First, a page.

V guvax uhzvyvgl vf n ovt gurzr sbe gur fubj, be ng yrnfg ubj rnpu bs gur znva punenpgref’ gevnyf sbepr gurz gbjneqf frys-njnerarff. T’Xne’f whfg fgnegvat qbja gung cngu. Lbh ungr Ybaqb, ohg sbe zr, ur’f gur zbfg vagrerfgvat punenpgre va grezf bs ubj ur frrf uvf ebyr va gur havirefr. V pna’g fnl gung ur’f rivy. Ur’f tbg guvf frafr bs varivgnovyvgl, juvpu cebonoyl pbzrf sebz uvf fubrf orvat gbb gvtug, nygubhtu V’q org gung nal fcrpvrf jubfr zrzoref pna frr gurve bja qrnguf cebonoyl unf n fgebat frafr bs sngr. Ohg gurer’f fbzrguvat urebvp nobhg gur jnl ur rzoenprf uvf pngnfgebcuvp shgher jvgu gur pbasvqrapr gung ur pna orne gur oheqra bs vg, nf jryy nf znxr vg orggre.Report

    • Avatar James K in reply to KatherineMW
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      says:

      @katherinemw

      The way the Prime Directive is played depends on the series you’re watching. At its best it was a compassionate doctrine, but in the early seasons of TNG in particular, there were several episodes where the crew let whole populations die to natural disasters, and congratulated themselves on their superior morality for doing it.Report

      • Avatar daveNYC in reply to James K
        Ignored
        says:

        The latest Trek movie, Into Darkness, had a bit of this too. The crew does some technobabble to prevent a major volcano eruption that would have wiped out a sentient species and all Starfleet HQ can do is get pissed that the aliens saw the space ship.Report

    • Avatar daveNYC in reply to KatherineMW
      Ignored
      says:

      I buy the transformation more, but that’s possibly because I buy Londo’s statements that he’s only doing this for his people. I’m able to buy it because he’s not really using his new power to party hard, and he isn’t that excited about his rising status.

      It also doesn’t hurt that Season One established that the Narn and the Centauri, at this point in their civilizations, are both pretty dickish. Also remember that the reason the Centauri are putting boot to head is because when Morden asked his question, Londo stated he wanted to restore his people to greatness. All G’Kar wanted to do was kill Centauri. None of this makes Londo a good person, but it does make it easier to view the Narn/Centauri conflict as something more complicated than Empire vs. Rebel Alliance.Report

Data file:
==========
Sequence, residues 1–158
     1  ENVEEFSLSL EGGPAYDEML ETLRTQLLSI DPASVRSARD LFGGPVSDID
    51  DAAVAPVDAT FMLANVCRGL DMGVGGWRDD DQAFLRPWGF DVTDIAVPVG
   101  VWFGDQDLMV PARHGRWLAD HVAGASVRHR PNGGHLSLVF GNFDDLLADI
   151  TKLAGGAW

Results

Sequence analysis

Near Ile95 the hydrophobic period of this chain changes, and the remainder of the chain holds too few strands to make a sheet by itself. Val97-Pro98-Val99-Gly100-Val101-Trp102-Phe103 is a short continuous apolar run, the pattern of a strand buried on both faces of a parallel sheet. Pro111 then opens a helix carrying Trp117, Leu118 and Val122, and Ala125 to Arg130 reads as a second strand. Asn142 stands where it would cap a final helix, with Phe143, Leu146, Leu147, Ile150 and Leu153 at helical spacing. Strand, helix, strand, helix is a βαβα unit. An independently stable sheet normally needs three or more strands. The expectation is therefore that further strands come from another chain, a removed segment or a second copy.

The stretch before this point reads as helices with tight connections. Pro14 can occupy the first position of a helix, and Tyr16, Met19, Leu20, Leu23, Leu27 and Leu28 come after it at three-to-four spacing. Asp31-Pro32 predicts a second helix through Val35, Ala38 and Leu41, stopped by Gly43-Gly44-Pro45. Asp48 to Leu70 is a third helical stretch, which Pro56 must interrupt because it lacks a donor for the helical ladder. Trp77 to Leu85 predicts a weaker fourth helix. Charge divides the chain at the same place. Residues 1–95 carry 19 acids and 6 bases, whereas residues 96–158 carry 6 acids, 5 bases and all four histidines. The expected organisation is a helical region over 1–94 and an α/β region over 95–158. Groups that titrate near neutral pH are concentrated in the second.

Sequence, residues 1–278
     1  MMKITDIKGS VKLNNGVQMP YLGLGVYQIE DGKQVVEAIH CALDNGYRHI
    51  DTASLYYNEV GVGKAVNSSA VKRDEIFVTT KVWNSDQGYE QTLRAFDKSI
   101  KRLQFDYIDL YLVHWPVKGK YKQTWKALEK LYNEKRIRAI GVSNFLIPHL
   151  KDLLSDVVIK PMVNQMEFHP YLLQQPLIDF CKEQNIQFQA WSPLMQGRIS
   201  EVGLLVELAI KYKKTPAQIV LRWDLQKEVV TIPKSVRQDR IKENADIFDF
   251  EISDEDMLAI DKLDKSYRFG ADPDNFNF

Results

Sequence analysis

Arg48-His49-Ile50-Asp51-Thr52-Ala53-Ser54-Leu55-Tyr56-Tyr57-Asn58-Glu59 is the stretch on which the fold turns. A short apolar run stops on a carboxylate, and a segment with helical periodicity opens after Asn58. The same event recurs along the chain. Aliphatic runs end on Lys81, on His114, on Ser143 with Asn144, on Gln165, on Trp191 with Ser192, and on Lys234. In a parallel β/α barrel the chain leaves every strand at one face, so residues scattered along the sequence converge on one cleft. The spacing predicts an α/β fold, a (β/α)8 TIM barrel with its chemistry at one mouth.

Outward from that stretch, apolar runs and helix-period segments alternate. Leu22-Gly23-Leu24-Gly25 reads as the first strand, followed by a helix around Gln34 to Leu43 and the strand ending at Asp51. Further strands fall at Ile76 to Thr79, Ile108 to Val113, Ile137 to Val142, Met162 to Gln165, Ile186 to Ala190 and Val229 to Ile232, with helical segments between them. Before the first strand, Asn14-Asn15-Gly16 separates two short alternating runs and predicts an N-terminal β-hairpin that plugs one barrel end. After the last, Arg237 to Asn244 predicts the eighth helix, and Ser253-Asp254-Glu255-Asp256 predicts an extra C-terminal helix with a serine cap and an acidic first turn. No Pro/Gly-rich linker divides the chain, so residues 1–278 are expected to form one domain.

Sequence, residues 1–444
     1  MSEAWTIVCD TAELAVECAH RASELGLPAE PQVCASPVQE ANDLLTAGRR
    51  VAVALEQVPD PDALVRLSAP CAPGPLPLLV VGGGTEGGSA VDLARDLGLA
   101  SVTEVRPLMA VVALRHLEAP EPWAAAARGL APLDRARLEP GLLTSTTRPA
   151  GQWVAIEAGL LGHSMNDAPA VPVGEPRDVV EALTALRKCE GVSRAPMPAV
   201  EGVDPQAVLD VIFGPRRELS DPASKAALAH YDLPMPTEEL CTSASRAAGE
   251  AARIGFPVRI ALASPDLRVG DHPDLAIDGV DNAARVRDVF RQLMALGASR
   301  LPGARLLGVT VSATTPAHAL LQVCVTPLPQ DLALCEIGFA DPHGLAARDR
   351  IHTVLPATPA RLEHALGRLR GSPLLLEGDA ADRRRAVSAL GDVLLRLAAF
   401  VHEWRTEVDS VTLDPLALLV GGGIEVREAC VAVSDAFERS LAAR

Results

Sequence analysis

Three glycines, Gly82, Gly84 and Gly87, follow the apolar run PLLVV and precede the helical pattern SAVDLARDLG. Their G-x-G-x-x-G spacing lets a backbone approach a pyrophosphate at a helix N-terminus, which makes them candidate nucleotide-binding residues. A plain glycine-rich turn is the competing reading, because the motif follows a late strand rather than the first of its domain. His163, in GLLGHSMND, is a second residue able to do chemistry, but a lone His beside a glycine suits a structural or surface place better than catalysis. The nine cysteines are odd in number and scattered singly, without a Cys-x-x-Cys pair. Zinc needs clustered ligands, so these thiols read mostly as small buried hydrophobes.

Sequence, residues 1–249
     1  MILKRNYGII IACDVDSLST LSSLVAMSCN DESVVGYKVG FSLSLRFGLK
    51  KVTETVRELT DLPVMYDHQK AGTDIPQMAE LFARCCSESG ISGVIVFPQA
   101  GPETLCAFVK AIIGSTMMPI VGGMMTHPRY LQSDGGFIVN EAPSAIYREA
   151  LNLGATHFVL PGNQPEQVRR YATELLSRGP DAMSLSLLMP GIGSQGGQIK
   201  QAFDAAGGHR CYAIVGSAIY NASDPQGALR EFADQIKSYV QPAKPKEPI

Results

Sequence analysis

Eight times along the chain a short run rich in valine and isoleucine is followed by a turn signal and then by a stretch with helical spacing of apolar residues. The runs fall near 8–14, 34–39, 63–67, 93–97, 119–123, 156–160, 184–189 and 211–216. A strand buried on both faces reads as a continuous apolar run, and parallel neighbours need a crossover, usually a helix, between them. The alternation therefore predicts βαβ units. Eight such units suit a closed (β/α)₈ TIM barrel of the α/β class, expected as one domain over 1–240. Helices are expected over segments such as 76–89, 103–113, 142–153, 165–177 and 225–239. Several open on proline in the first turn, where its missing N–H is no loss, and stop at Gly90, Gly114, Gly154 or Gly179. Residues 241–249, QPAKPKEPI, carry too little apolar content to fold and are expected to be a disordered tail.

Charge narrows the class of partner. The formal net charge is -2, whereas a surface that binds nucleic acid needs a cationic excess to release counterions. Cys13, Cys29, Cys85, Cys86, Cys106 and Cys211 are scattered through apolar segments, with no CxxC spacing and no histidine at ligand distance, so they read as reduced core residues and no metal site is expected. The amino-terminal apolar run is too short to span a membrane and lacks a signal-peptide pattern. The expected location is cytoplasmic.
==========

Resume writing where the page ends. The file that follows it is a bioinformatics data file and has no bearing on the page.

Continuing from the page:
• Avatar KatherineMW in reply to daveNYC
        Ignored
        says:

        My issues with Londo flow directly from that episode in which Morden was introduced. G’Kar wanted to destroy the Centauri because he saw them as being, always and forever, a threat to the survival of his people. He wanted the Narn to be safe from them. (And the instant he got an indication – a few episodes ago, with Dr. Franklin telling him the Centauri Emperor wanted to apologize – that the Centauri might not inevitably be a constant threat, he was willing to drop his hostility and mend fences.)

        Londo’s wish was more expansive, which was why Morden chose him. Londo didn’t just want his people to be safe and then live in peace. He wanted respect, he wanted power (for both himself and the Centauri generally), he wanted the restoration of the Empire. It’s not about survival; it’s about power and prestige and crushing anyone you need to in order to get that power and prestige. That strikes me as a more fundamentally aggressive desire. And Londo’s reasons for starting the war were ultimately self-serving: they weren’t in response to any immediate threat or Narn provocation, they were in order to enable him to gain power and status and respect at court.Report

    • Avatar Dman in reply to KatherineMW
      Ignored
      says:

      The Lumati plot was dumb. Thankfully it is a throwaway. I cannot hate Londo, I see a guy that feels he has no choice to do something else because it would have meant the end of his people. And once the boulder started rolling down the hill, he could not stop it, just make very minor corrections. You can say he was an idiot for getting that boulder started, but not hate him.Report

  5. Avatar Damon
    Ignored
    says:

    I liked the Lumati plot for this reason. While it was clear the humans don’t like “downbelow” and view it as a societal failing, the Lumati don’t. They see the existance of the place in two completely different ways. That, folks, is why they are alien. And it’s a nice reminder that even human commonalities are just that…human centric.Report